Lawmakers passed a Chinese Nationalist Party (KMT) caucus motion to summon Straits Exchange Foundation (SEF) Chairman Chiang Pin-kung (江丙坤) and Mainland Affairs Council (MAC) Chairwoman Lai Shin-yuan (賴幸媛) to brief the legislature on the third round of cross-strait talks.
Under the motion, Chiang and Lai would be required to answer questions from legislators.
Chiang and Association for Relations Across the Taiwan Strait Chairman Chen Yunlin (陳雲林) signed three agreements in Nanjing on Sunday, agreeing to add more regular cross-strait charter flights, establish a financial cooperation mechanism and join forces to combat crime.
Lai had been scheduled to report on the government’s stance on the talks to the legislature’s Internal Administration Committee last Wednesday, but didn’t following a verbal and physical altercation between KMT Legislator Lee Ching-hua (李慶華) and Democratic Progressive Party (DPP) Legislator Chiu Yi-ying (邱議瑩).
On Monday, DPP Chairperson Tsai Ing-wen (蔡英文) called the Chiang-Chen talks a failure and accused the government of making concessions on sovereignty.
The DPP is planning a rally on May 17 to protest of the government’s China policies.
Meanwhile, Legislative Speaker Wang Jin-pyng (王金平) backed President Ma Ying-jeou’s (馬英九) announcement during a meeting of senior KMT politicians on Monday night that there was no need for National Security Council (NSC) Secretary-General Su Chi (蘇起) to brief the legislature, as a motion intitiated by the DPP requested.
“The president initiated the discussion yesterday on the DPP caucus’ motion that Su Chi brief the legislature,” Wang told reporters. “The president was right. Su Chi is an aide, not a decision-maker. Therefore, this [the motion] would be controversial.”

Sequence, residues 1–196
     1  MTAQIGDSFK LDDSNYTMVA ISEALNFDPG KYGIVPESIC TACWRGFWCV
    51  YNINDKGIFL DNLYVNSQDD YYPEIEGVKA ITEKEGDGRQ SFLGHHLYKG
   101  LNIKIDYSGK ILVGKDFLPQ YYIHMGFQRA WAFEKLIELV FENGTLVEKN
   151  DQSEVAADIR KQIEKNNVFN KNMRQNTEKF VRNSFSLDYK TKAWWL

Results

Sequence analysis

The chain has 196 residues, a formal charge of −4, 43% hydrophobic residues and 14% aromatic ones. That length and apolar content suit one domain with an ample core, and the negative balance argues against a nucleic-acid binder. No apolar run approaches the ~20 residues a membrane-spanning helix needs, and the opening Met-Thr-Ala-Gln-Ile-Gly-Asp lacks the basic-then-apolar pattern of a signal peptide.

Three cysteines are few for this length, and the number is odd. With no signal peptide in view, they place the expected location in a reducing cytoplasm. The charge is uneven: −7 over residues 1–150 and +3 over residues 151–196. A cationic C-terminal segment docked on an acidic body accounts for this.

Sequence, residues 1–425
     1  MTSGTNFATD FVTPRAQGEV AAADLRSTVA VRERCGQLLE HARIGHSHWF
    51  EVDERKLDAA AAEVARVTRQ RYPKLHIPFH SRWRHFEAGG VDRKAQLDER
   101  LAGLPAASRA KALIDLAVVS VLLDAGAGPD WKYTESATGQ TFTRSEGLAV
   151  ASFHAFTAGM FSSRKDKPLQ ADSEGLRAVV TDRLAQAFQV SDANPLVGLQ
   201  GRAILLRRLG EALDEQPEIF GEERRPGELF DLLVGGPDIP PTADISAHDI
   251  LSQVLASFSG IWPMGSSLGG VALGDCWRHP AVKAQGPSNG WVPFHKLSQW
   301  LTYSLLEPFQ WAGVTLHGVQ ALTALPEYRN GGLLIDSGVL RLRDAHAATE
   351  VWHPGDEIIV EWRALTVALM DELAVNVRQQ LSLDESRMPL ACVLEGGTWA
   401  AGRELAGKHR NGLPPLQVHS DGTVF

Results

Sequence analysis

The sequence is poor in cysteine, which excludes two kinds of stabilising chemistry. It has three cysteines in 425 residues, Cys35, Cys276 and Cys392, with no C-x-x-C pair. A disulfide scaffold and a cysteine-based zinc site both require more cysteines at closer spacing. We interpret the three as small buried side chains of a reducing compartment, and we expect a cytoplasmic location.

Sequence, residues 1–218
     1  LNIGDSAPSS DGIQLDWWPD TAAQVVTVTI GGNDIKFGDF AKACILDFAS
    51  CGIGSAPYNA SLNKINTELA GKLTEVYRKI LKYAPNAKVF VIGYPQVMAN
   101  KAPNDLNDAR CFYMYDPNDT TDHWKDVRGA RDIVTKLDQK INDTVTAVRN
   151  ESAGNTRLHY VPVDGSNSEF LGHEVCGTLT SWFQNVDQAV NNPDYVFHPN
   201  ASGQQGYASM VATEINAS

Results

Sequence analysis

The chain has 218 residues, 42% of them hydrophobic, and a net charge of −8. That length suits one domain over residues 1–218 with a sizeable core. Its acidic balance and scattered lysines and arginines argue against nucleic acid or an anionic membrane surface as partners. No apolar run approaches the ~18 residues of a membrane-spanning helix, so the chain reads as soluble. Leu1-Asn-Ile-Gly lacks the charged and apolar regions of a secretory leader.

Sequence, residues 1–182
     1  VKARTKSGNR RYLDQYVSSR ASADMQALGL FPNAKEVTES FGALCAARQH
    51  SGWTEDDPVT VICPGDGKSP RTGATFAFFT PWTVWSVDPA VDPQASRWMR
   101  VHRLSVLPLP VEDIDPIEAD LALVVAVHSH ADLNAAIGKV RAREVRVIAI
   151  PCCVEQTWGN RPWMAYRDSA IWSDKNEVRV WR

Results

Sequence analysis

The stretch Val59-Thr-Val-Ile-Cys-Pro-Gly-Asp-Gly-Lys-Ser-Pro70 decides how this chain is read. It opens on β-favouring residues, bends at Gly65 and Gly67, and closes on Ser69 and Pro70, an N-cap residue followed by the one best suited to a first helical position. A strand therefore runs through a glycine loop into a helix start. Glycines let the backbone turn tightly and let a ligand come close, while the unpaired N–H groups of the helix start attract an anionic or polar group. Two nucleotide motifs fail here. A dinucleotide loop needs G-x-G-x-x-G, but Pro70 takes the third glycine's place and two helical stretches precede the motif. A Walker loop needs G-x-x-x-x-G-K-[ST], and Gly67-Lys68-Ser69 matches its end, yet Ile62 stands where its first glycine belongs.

Ma’s decision was in line with the Constitution, Wang said.
KMT Legislator Chiu Yi (邱毅) also backed Ma, saying government officials had more important problems to worry about.
DPP Legislator Tsai Huang-liang (蔡煌瑯) disagreed: “Ma Ying-jeou, you are wrong again.”
Under the Constitution, the president is in charge of cross-strait affairs, national defense and diplomacy, and since Su is Ma’s top secretary on national security he should brief the legislature on significant national security affairs, the lawmaker said.
Tsai Huang-liang said Ma would be in contempt of the Constitution and the legislature if he ordered Su not to report to the legislature.
The Ma government should be criticized for rejecting legislative supervision and Ma is an unconstitutional president, the DPP lawmaker said.
ADDITIONAL REPORTING BY RICH CHANG